Ayup - the coastal bubble is just that. Look at all the racist propositions that have hit almost every year.
It's all about populism with him. Take it to the voters!
There is such a thing as the tyrrany of the majority, and courts are supposed to stop this from happening when it infringes on the rights of others. The whole "activist judges" thing being touted buy Bush & co. is just an attempt to take away this power from the courts by pre-empting it with legislation. Same strategy used in different eras has also kept women from getting the vote and communities of color from civil and human rights.
And it is those "activist judges" that still help support the right to bear arms, and helped in the recent election process. We have to realize that the courts will not always be on the side you support. But in the end we hope/pray that they have the best interests of the people and nation in their decisions.
You should count the real pioneer in this - Vermont. That makes three down.
Nicely said. I've been in a 5-year gay relationship and all we've ever wanted is equal treatment. Our relationship is no different that any of my 7 married sisters; we pay our mortgage, go to work every day, pay bills and do everything it takes to make a household work.
The issue of defining acceptable unions is a valid one. However, I have a solution to that issue that some may find radical, but it makes a lot of sense to me. (Then again, maybe that just says something about me. ) Why not just completely abolish the idea of "marriage" within our government? It really serves no practical legal or governmental purpose. We try to give it meaning by attaching legal stipulations to go along with marriage. You should pay more/less taxes because you decided to to make an indefinite personal commitment to another human being? Where is the logic in that idea? Someone, anyone... can you help me out? As for some practical side-effects of marriage such as power of attorney and next of kin type stuff, that could be handled legally through governmental forms easily enough without involving the concept of marriage. Just treat everyone as individuals and let them do what they wish with their personal lives so long as it doesn't infringe on anyone else's rights.
It's the labels. Humans love to label things because that assists us in not really having to think about anything. We form opinions on labels and then we can simply find a suitable label to apply to something or someone. Then all we have to do is make judgments about it/him/her without really having to exert any effort or thought.
Marriage is a label - it has meaning in a personal/religious context. However, if you think long and hard about it, marriage has no practical meaning within the context of government. So I say, don't worry about defining acceptable unions within government leave that to the church if they want to concern themselves with labels.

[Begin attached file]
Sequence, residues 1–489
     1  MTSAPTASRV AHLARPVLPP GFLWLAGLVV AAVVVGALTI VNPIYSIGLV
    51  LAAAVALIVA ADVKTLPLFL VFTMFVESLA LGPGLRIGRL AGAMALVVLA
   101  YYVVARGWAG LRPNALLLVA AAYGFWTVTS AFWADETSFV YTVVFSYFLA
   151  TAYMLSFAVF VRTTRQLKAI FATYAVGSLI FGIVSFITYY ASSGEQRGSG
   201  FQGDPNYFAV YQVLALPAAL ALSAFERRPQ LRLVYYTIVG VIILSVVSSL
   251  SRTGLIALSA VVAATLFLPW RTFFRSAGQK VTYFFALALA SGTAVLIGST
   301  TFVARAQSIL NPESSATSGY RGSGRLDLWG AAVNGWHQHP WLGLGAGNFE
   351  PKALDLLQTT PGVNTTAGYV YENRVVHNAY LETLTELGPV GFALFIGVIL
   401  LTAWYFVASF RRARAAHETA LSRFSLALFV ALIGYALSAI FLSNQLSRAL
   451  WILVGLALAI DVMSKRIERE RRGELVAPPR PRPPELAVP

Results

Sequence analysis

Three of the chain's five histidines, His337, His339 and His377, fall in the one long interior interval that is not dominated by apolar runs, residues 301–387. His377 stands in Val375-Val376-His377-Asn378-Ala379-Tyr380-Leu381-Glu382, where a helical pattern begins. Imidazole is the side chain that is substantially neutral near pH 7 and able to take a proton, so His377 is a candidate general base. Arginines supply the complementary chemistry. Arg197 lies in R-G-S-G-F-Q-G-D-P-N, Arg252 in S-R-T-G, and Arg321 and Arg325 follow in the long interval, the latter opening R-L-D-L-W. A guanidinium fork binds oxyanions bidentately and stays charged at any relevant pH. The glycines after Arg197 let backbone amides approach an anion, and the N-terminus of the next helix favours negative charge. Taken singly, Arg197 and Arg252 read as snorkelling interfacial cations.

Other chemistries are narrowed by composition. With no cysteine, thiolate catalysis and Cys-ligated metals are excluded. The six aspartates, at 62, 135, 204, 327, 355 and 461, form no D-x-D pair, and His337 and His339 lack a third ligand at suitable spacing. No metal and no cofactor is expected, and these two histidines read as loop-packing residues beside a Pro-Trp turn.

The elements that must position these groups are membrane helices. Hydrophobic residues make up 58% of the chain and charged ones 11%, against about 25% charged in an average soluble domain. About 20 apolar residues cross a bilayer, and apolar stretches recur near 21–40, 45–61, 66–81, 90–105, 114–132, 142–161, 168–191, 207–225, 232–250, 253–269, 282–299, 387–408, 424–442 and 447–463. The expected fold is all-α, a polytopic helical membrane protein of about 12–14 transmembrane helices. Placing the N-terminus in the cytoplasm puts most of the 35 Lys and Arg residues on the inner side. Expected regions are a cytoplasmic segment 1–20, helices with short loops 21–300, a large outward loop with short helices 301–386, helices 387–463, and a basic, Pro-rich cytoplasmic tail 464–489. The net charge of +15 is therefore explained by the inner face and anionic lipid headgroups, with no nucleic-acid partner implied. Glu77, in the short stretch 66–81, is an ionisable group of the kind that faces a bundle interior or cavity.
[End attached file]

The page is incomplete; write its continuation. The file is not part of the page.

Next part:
In my opinion the Christian church, and the average American straight couple are afraid of gay marriage because they prefer to believe that they are better than a gay couple. Most people who don't know gays think it is "weird". The only reason they think it is weird is because they were taught it was weird. After growing up in this type of society, they honestly believe that applying the label of "marriage" to a gay couple is an insult to their own relationship. This is absurd and illogical, but is a common theme within in the Christian church.
Again, this is my opinion. But I think the Christian church is often very egotistical. This is why they are opposed to evolution, a rational theory with an immense amount of supporting evidence. Evolution scares the church because they have told themselves for centuries that humans were made in the image of God. So the thought that we descended/evolved from primates and other earlier forms of life is personally insulting to them. I think believing we are comparable to god is very conceited and judging by what I have witnessed of humanity, it doesn't speak highly of god either.
I realize I've written some things that may irritate some people. So, to be fair I will tell you that I do recognize there are many good principles to learn from Christianity, as there are from most religions. However, there is a lot of harm that has come from most organized religions as well. While I am a deeply spiritual person with strong moral convictions I believe organized religion has done more harm than good.
Right now there is only one state that recognizes same sex marriage - Massachusetts. The decision by Judge Kramer is a great first step in California, but like the New York case, this is just a first step. People should remember that the California Supreme Court is made up of overwhelmingly Republican appointees. Cross your fingers and give to what ever legal fund you find appropriate, but mostly remember this is only just starting. Still a good day for equal rights.
I agree, and you're not the first to suggest this idea. I find it highly annoying that the government would give a different status to someone based on whether they were married or not. The government should not have any stake in what personal romantic decisions a person makes. It would be fairly easy for the state to keep track of who a person wants to designate as next of kin, beneficiary of insurance policies, or whatever, without labelling them as "married". Let churches and families decide who's married and who's not. No one else should be deciding the limits of the relationship status between two consenting adults.
However, there's a major obstacle to this idea: the huge number of people out there that think marriage is somehow "sacred". This is an even larger group than those who oppose gay marriage. Common law older than the United States grants rights to married couples and I kind of doubt anything is going to change that anytime soon.